The Cuckoo by Leo Carew EPUB & PDF – eBook Details Online
- Author: Leo Carew
- Language: English
- Formats: PDF / EPUB
- Status: Available For Free Download
- Series: None
- Price: Free
- File Size: 12 MB
The Wounded Giant
Over the grass plains surrounding Lundenceaster rose the old sun of a tired
summer. Orange light capped the charred fortifications and warmed the backs
of two hundred and eleven men, kneeling in prayer before a pile of rubble,
which had lately been the city’s eastern wall. When they had last knelt, two
days before, there had been three hundred of them. But they were used to
losing peers. They had prepared for it from their earliest years.
We kneel before thee, Mighty One, mortal flesh in fear and silence, thy
servants in deed and spirit. Grant we feel near thee when we lay in
earth, receive peace in pain, be freed in death, and cede nought to
The ancient prayers would usually have been the captain’s responsibility,
but he was missing. Last night, he had charged alone into the darkness and he
had not returned.
Instead, the prayers were led by a man kneeling alone before the
guardsmen. He was uncomfortably lean: his knuckles and fingers swollen,
the tendons at his wrists and elbows tenting the skin, and his cheekbones
jutting out beneath steady green eyes. His name was Roper: often now Roper
the Daring to his face; sometimes Roper the Restless, or simply Old Mad
Dog, behind his back. And at that moment, the guardsmen were paying
homage to the ruins that had once been their enemy’s greatest settlement.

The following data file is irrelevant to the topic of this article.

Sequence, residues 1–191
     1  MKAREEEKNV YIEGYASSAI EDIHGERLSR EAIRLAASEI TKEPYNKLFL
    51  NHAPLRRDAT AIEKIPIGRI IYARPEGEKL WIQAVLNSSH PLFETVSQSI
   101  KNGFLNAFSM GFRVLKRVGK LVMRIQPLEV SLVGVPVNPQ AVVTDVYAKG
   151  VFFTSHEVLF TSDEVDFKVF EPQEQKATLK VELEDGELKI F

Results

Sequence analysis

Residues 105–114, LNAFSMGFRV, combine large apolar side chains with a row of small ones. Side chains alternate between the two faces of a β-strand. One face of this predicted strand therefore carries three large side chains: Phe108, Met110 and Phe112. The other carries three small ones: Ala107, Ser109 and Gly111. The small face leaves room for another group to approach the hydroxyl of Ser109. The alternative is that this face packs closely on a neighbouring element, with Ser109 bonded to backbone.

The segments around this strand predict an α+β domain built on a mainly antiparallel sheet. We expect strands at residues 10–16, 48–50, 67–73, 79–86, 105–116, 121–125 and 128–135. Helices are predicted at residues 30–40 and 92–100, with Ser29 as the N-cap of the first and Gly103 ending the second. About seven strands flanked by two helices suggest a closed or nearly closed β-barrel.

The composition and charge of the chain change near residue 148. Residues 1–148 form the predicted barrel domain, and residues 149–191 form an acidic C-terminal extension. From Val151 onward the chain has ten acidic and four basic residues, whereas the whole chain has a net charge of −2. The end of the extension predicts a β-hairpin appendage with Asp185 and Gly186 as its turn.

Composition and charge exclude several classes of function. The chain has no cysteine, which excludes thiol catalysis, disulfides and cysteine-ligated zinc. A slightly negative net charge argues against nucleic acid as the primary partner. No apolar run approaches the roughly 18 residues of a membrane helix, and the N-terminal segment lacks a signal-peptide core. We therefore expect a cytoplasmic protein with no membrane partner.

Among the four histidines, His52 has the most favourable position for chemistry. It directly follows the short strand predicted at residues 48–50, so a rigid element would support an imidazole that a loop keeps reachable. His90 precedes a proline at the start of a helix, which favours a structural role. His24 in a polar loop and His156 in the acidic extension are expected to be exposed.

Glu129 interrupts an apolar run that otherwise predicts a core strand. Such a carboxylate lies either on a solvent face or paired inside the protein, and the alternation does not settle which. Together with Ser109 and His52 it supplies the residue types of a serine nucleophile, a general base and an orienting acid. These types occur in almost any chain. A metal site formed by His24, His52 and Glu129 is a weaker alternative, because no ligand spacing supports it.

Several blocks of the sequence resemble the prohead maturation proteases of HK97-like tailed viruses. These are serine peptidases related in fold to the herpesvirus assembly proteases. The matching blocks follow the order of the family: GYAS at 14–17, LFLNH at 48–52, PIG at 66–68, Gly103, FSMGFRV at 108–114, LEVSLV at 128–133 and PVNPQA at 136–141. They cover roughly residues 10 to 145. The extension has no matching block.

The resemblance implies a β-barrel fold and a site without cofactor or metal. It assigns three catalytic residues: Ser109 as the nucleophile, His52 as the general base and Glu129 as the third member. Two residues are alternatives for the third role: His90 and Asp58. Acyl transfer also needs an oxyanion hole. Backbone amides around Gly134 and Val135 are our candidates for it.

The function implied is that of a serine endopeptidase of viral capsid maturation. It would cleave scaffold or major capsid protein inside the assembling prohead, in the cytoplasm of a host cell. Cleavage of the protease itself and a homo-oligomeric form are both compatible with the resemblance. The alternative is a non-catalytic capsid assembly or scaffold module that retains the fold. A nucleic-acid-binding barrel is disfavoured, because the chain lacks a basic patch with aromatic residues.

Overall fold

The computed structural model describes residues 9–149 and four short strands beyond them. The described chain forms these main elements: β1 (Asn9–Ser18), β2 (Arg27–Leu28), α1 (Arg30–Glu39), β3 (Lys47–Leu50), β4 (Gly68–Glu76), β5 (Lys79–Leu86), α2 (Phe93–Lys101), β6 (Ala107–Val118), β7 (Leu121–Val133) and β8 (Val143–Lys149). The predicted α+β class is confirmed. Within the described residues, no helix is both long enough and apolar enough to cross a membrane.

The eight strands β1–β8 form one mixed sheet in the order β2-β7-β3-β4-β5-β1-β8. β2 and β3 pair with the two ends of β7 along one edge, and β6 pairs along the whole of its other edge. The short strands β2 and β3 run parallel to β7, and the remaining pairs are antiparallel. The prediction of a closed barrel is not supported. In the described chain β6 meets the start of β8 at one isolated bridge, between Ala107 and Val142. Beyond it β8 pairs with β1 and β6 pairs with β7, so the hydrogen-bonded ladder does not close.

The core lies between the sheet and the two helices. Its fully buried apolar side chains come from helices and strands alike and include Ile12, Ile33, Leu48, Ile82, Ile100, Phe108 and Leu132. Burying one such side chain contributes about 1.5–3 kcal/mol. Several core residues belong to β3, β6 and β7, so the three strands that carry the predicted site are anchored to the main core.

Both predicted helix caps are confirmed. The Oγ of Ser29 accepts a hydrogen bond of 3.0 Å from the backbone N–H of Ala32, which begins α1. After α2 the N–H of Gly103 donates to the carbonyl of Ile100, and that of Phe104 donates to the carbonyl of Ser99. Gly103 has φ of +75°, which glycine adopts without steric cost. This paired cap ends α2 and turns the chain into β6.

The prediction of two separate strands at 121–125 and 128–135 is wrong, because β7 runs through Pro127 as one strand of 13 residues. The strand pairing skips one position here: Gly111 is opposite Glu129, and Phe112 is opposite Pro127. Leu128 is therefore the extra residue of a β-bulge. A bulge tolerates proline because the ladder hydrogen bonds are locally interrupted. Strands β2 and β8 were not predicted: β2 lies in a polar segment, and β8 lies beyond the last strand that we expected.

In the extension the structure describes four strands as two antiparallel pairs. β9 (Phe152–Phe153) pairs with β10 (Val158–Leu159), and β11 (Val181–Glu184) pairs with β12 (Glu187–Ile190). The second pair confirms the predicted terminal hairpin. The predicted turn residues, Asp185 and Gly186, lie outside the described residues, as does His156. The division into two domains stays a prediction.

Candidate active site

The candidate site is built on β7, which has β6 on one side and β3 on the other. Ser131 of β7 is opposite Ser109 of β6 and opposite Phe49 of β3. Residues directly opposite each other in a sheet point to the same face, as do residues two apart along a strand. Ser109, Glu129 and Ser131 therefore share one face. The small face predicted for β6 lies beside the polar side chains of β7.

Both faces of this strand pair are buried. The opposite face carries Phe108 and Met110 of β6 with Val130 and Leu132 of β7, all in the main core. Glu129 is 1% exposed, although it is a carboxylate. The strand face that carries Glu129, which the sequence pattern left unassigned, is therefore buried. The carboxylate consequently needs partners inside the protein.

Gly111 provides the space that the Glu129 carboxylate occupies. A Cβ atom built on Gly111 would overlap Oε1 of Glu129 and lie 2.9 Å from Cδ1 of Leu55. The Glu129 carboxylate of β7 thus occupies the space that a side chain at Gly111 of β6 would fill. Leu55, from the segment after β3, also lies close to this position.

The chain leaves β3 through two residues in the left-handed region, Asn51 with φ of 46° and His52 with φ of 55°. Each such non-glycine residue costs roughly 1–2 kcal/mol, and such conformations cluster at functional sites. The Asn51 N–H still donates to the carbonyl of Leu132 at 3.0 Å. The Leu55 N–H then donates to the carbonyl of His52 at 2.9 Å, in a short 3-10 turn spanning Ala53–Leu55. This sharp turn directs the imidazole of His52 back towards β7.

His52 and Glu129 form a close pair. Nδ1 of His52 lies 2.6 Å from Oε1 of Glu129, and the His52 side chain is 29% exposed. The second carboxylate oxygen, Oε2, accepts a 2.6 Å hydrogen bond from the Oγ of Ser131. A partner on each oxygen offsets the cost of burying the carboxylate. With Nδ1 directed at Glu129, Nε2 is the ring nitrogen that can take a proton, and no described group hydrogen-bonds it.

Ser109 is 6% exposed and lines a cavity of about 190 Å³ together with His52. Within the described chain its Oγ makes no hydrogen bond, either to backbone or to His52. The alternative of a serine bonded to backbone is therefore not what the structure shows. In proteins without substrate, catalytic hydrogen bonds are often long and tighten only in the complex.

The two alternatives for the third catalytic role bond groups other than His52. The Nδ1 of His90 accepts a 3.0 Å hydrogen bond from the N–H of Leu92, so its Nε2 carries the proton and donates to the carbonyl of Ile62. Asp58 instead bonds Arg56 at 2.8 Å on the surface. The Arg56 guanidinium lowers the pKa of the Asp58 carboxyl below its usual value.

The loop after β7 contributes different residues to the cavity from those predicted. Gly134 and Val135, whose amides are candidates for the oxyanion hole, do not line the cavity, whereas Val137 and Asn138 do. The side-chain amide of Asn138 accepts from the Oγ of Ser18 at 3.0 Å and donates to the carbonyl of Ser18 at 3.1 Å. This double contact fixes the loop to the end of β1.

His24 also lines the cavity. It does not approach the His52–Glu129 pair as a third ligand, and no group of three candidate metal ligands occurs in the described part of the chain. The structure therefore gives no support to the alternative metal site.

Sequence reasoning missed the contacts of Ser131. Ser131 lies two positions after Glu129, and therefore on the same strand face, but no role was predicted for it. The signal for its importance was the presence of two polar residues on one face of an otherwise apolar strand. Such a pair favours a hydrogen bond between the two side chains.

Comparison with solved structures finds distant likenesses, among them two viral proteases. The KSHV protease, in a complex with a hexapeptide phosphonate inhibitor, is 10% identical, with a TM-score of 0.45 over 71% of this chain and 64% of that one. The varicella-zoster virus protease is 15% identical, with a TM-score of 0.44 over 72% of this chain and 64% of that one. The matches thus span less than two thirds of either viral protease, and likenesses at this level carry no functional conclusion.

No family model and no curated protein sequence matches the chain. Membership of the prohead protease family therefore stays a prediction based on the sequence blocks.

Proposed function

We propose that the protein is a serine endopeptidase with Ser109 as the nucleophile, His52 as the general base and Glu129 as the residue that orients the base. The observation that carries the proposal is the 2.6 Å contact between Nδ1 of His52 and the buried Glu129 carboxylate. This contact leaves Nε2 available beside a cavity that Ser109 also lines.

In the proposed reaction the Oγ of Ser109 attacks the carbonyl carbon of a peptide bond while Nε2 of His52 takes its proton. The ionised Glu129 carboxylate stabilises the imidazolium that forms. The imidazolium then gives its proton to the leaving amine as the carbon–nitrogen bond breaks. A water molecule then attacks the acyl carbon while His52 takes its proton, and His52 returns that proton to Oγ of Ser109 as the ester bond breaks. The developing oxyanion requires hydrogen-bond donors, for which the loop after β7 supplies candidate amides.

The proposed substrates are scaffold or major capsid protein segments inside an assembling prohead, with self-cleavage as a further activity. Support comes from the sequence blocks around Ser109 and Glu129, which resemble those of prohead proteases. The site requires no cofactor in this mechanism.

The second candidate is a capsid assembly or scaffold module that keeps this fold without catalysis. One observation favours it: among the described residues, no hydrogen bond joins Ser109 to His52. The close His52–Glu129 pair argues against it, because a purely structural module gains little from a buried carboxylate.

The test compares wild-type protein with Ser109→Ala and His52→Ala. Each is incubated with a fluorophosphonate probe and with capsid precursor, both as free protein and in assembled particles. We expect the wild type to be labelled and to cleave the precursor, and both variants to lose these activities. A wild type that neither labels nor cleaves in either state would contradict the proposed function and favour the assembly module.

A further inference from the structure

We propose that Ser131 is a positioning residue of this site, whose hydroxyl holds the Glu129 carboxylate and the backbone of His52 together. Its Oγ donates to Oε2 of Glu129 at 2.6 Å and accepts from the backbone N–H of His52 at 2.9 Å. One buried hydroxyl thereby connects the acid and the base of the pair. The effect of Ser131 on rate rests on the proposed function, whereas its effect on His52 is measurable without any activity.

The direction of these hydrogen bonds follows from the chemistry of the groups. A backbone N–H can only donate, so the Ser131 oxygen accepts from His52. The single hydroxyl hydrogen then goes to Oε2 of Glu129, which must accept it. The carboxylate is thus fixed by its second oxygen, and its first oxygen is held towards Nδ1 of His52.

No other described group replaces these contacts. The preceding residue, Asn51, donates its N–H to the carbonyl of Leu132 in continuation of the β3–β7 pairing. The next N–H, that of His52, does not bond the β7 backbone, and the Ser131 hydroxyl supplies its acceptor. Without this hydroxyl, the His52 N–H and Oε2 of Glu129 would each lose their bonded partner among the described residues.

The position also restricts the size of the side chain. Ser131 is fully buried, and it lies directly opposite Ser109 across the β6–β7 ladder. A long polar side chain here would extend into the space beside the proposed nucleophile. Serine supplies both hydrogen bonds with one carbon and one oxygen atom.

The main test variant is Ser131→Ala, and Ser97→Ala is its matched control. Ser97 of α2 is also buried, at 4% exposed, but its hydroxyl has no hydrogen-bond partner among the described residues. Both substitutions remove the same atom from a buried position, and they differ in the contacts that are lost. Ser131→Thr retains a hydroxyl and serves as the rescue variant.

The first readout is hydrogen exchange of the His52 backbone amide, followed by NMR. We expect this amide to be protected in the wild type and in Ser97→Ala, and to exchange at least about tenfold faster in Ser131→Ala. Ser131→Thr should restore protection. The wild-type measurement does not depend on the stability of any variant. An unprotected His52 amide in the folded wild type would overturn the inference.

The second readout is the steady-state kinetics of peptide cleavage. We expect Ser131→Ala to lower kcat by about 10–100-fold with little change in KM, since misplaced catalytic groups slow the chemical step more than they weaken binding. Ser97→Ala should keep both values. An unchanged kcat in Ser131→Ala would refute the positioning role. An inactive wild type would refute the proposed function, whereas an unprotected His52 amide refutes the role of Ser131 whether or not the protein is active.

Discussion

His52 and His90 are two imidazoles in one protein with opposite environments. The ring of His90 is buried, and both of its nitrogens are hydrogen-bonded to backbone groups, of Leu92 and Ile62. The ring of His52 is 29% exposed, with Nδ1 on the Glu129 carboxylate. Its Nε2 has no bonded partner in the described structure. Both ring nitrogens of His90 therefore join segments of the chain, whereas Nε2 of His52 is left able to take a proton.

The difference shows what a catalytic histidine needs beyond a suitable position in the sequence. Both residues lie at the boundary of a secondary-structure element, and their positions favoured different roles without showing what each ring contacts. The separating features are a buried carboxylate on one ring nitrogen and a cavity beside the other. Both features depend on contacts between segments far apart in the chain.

Lundenceaster was beyond repair.
The earth beneath it had charred. The
fire that had stormed the previous night had been frightening: a billowing
yellow mountain, hot enough to crack stone. From sunset to midnight, a
trickle of rats loped clear of the doomed city, and when the gates finally
collapsed into embers, a smog the colour of death tumbled from the
gatehouse and poisoned the grass beyond.
The city had stood more than a thousand years. Many of its buildings
were the remnants of a vast empire that had stretched over these lands in the
days before Sutherners spoke Saxon. It had been home, they said, to five
hundred thousand people: more by far than existed in the entire Black
Kingdom. It would never rise again, and Roper was responsible.
He had marched two hundred miles south, dragging sixty thousand
legionaries behind, with the monstrous ambition of subduing a nation. He had
travelled a country of warrior-giants, and bargained, flattered and competed
until they had agreed to join his quest. He had preserved the army from
disease, and driven them on when hunger and thirst threatened to overwhelm
them. He had been first of the Anakim over the formidable breach, and into
the city behind. And it had been he who had fought through the defences and
opened up a path for his men to sack the city.
Mighty One, grant us love in what life to us remains. Grant awareness
that this soon will end. Grant swift passage from this world to the
other. Keep us thy agents, until we walk with thee.
Roper had become used to being alone. So used to it, that when the
prayers finished and the others stood and stretched, he stayed kneeling, head
bowed in final prayer.
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